Use this URL to cite or link to this record in EThOS: http://ethos.bl.uk/OrderDetails.do?uin=uk.bl.ethos.652439
Title: Regulation of glutathione S-transferases during stress
Author: Hill, Alison Elspeth
Awarding Body: University of Edinburgh
Current Institution: University of Edinburgh
Date of Award: 1994
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Abstract:
Elevation of glutathione S-transferases (GST) in tumour cells can be responsible for resistance to a variety of chemotherapeutic agents. It has been hypothesised that GSTs may be induced as part of a stress response, similar to that of the prokaryotic adaptive response. To further this investigation I studied the induction of GSTs in a variety of permanent and transient stress models. A chlorambucil resistant CHO cell line which was known to express increased levels of Alpha-class GST was studied to determine the nature of the increase in protein. Northern and Southern blot analysis revealed a 4-8 fold amplification in the DNA encoding the Alpha-class GSTs with an accompanying increase in mRNA levels. Elevated levels of an Alpha-class GST were noted in oxygen resistant CHO cells. Transient exposure to 98% oxygen also induced the same Alpha-class GST. A heat shocked lung tumour cell line as well as heat selected sublines showed some changes in the levels of Pi- and Mu-class GSTs. A novel putative Mu-class GST subunit has been identified in the nucleus of heat shocked cells. The nature of the GST level variations at the RNA and DNA levels were studied. These studies do not suggest co-ordinate regulation of the GSTs as part of a general stress response. It does not exclude the possibility of GST π and perhaps the nuclear Mu-class GST are induced as part of a more limited response either to heat or in certain tissues. Inconsistencies in the data from the preliminary induction experiments led to the investigation of the effect of growth conditions on GST levels. Unexpectedly isoenzymes from three classes of GST were found to be elevated by increased confluence and a low frequency of feeding. This response was found to be mediated through the culture media.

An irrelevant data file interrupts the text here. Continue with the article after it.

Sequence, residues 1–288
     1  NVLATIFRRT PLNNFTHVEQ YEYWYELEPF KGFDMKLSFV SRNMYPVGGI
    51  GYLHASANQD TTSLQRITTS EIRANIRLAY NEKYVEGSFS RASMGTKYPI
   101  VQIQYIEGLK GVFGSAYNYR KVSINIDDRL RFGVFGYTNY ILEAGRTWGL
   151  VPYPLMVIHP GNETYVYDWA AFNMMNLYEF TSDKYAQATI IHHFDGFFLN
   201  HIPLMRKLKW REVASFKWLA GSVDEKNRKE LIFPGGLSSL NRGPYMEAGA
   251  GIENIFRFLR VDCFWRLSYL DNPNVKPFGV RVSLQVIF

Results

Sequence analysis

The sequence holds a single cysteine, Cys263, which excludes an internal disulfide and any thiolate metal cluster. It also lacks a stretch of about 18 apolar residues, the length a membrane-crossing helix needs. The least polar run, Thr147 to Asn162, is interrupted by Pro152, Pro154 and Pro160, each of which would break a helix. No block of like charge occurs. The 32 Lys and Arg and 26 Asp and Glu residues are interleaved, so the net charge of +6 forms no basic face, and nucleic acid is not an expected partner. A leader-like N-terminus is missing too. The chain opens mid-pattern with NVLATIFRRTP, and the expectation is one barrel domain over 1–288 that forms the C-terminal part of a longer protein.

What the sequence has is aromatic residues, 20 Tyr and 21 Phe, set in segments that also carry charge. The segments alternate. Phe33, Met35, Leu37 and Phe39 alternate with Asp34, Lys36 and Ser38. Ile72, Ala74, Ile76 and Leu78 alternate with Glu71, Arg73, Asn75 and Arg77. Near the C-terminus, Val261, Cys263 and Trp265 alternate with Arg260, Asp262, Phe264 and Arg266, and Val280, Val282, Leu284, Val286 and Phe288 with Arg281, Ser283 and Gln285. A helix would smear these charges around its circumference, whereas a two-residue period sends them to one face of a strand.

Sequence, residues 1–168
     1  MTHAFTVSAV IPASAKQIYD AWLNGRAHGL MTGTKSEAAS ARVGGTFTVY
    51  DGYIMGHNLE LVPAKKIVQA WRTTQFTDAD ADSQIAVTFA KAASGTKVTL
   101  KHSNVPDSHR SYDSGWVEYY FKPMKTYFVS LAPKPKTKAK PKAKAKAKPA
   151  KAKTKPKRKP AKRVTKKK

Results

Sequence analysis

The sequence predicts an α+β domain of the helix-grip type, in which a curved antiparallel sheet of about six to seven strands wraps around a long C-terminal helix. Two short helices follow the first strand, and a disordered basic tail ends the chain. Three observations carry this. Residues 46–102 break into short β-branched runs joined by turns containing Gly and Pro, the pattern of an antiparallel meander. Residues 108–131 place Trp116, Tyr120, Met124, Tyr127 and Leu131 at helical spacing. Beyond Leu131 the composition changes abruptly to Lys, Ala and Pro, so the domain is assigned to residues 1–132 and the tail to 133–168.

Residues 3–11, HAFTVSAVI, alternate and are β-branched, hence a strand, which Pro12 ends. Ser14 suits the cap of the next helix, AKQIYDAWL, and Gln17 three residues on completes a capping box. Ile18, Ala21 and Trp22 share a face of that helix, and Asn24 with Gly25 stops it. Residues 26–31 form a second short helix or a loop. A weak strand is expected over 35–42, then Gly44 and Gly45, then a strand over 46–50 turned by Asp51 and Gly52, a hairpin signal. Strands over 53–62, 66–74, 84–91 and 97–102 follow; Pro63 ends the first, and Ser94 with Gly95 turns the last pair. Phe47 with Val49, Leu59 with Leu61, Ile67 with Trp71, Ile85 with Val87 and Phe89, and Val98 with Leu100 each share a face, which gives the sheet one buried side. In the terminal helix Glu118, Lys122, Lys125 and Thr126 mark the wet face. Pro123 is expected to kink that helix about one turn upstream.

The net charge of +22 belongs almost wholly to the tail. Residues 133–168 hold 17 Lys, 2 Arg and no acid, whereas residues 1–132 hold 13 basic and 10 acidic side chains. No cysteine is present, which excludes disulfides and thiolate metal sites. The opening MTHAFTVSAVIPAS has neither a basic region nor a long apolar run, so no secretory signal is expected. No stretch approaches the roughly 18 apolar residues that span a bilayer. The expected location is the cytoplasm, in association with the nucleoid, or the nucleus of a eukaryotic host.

Supervisor: Not available Sponsor: Not available
Qualification Name: Thesis (Ph.D.) Qualification Level: Doctoral
EThOS ID: uk.bl.ethos.652439  DOI: Not available
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